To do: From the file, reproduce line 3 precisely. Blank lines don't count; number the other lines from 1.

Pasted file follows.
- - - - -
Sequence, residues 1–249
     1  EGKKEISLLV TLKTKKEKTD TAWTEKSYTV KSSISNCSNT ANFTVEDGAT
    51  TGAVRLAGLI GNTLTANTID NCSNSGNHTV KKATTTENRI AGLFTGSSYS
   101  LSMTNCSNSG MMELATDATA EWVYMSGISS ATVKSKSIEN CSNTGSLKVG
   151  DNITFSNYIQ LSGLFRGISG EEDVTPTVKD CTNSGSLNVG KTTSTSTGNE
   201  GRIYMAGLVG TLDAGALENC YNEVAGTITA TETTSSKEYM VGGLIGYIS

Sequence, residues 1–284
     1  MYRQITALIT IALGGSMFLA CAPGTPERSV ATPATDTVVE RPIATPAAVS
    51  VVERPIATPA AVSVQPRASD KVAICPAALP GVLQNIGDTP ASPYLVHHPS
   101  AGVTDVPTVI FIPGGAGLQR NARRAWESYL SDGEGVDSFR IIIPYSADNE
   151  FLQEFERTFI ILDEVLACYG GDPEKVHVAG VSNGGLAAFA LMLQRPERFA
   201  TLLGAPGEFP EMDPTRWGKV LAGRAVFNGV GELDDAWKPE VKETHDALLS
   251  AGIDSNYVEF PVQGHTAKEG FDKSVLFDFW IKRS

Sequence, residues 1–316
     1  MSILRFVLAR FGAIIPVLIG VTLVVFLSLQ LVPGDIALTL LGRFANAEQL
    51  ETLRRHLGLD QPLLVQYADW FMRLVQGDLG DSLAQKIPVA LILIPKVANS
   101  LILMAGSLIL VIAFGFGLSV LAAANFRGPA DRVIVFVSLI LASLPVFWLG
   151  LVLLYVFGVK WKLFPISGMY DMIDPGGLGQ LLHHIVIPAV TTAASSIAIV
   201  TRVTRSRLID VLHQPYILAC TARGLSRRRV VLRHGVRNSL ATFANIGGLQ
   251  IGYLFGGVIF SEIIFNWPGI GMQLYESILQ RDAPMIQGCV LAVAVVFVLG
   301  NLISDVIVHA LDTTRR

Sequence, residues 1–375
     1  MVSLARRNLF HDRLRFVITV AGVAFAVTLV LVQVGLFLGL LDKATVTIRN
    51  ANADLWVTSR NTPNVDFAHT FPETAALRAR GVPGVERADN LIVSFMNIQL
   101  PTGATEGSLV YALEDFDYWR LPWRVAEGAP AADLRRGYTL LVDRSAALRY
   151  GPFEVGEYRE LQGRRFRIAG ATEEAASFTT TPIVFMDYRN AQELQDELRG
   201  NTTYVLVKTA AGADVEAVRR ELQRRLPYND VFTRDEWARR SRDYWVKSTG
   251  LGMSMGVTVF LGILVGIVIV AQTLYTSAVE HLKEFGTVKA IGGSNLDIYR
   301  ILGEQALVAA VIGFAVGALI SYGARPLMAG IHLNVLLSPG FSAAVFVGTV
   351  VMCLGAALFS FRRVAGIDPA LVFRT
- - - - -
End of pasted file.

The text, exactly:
    51  TGAVRLAGLI GNTLTANTID NCSNSGNHTV KKATTTENRI AGLFTGSSYS